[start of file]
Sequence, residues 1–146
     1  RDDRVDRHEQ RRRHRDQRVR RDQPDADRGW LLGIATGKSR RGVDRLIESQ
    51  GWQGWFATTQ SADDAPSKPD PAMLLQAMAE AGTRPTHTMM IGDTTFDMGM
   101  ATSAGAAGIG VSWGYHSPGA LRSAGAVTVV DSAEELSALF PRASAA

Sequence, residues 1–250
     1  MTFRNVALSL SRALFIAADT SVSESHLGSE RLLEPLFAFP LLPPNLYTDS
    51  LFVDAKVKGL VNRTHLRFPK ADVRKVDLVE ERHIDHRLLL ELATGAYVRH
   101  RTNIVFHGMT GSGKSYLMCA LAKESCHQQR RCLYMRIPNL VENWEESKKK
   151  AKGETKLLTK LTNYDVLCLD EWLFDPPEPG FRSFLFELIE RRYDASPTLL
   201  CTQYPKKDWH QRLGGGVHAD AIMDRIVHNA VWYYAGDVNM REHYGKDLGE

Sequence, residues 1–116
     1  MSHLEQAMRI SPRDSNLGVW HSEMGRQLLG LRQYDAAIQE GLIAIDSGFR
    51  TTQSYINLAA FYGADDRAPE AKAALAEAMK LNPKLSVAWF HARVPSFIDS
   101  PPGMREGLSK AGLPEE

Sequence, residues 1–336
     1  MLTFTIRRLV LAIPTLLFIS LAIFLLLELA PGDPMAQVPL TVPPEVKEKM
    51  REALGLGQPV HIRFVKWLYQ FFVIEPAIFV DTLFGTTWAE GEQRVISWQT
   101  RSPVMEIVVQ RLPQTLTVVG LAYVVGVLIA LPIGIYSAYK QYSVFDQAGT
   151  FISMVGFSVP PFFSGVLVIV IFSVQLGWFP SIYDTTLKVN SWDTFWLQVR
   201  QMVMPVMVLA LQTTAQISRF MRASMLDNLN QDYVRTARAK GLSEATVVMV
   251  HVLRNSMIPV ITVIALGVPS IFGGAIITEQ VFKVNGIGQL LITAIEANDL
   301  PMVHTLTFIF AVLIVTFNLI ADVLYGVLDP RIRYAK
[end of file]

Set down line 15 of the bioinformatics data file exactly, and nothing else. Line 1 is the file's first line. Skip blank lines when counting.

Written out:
Sequence, residues 1–336